McGuire bill to halt North Coast coal train project sails through California Senate
A secretive plan to transport millions of tons of coal through the Sierra Nevada, across Sonoma County then north to Humboldt Bay was dealt a major blow Monday, when the California Senate overwhelmingly passed a bill preventing the use of state funds for the project.
Written by Sen. Mike McGuire, D-Healdsburg, the bill bars the state from spending money to initiate improvements on the now-defunct North Coast rail line north of Willits. It also prevents the spending of state funds on any potential new bulk coal terminal facilities at the Port of Humboldt. The bill passed 33-2, and now goes over to the state Assembly.
“The proposed toxic coal train is an environmental disaster in the making,” said McGuire in a release. The coal shipments would travel “through the heart of our thriving communities, ancient redwoods, and directly along the banks of the Eel and Russian rivers, which are the main drinking water source for nearly 1 million residents. It is crucial we stop this dangerous proposal — it transcends politics, and I’m grateful for the bipartisan support.”
If allowed to proceed, the coal-shipping scheme also would pose an existential threat to the Great Redwood Trail, a 316-mile foot and bike path envisioned to one day connect San Francisco Bay to Humboldt Bay.
The plan to haul coal on the now-crumbling railroad came to light in August, when a newly formed limited liability corporation objected to California’s effort to convert the abandoned tracks into a recreational trail. That mysterious outfit, the North Coast Railroad Company, filed paperwork before the U.S. Surface Transportation Board, a federal agency that oversees freight rail shipping, claiming it had $1.2 billion in financing to restore abandoned rail segments that run through the region, including the remote, slide-prone Eel River Canyon.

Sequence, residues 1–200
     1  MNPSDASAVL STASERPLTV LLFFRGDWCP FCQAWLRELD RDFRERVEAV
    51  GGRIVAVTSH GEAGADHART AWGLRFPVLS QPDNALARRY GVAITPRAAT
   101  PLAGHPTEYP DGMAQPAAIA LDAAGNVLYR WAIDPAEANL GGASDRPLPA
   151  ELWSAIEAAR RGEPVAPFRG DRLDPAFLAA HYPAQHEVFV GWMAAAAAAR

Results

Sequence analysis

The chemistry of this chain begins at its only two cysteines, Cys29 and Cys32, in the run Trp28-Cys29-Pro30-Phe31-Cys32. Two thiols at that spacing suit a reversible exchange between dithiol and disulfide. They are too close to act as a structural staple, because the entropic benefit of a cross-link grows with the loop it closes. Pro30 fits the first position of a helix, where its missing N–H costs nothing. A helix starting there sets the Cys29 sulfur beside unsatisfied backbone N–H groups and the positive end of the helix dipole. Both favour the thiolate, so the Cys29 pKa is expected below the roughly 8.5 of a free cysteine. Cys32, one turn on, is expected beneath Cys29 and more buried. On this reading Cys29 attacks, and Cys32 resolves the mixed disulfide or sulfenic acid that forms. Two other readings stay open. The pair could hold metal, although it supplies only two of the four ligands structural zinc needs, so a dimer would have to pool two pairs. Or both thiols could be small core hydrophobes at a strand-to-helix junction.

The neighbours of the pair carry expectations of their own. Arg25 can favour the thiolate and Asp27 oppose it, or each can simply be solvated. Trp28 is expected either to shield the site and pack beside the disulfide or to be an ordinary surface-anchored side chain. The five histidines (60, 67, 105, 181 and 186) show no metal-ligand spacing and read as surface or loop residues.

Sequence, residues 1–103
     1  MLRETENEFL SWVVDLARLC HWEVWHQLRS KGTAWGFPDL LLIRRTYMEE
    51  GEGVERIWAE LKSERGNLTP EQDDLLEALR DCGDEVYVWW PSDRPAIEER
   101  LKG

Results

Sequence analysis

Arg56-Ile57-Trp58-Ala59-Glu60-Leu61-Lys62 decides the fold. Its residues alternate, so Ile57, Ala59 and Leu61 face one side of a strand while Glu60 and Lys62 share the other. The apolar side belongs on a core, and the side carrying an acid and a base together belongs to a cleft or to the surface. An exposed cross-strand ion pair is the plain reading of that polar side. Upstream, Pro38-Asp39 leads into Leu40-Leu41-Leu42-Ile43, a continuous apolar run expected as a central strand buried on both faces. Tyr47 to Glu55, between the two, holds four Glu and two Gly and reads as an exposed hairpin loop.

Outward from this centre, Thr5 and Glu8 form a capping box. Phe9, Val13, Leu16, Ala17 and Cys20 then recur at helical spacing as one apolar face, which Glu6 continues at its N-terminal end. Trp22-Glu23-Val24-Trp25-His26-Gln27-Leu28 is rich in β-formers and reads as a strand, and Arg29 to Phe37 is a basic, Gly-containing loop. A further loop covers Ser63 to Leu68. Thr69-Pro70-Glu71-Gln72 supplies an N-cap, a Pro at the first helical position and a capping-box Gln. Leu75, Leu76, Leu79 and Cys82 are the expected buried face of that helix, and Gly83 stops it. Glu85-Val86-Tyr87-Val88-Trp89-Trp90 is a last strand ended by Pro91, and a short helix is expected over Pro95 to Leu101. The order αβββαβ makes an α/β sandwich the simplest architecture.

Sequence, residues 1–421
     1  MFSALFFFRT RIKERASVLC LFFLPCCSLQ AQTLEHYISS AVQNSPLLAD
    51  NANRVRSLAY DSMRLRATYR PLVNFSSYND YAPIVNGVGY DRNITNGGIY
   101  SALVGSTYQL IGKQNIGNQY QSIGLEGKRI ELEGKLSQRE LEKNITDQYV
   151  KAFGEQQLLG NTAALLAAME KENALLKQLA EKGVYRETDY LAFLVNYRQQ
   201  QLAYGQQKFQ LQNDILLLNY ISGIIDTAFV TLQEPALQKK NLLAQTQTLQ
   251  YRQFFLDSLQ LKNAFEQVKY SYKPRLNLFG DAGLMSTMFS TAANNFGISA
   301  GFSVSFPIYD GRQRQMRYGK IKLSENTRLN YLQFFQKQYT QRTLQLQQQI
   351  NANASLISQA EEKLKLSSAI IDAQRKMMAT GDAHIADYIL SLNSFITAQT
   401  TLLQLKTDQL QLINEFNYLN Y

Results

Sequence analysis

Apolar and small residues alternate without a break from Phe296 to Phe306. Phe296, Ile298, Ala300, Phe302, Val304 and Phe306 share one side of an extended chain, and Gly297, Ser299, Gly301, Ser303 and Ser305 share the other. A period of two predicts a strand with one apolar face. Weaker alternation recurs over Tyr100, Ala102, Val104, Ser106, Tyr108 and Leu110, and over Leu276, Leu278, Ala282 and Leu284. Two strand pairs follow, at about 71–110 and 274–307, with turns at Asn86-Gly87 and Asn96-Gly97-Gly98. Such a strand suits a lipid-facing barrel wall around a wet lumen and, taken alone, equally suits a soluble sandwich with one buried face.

The prospect of coal trains clanking through Northern California cities and towns and alongside the Russian and Eel rivers, has since generated widespread public outrage. In September, officials of the Humboldt Bay Harbor District, which regulates port facilities in the bay, essentially said the coal project was a non-starter.
“We have no intention of spending any time looking at the feasibility at all,” the district’s director, Larry Oetke, told The Press Democrat. “I don’t want to give it any credence.”
You can reach Staff Writer Austin Murphy at email@example.com or on Twitter @ausmurph88.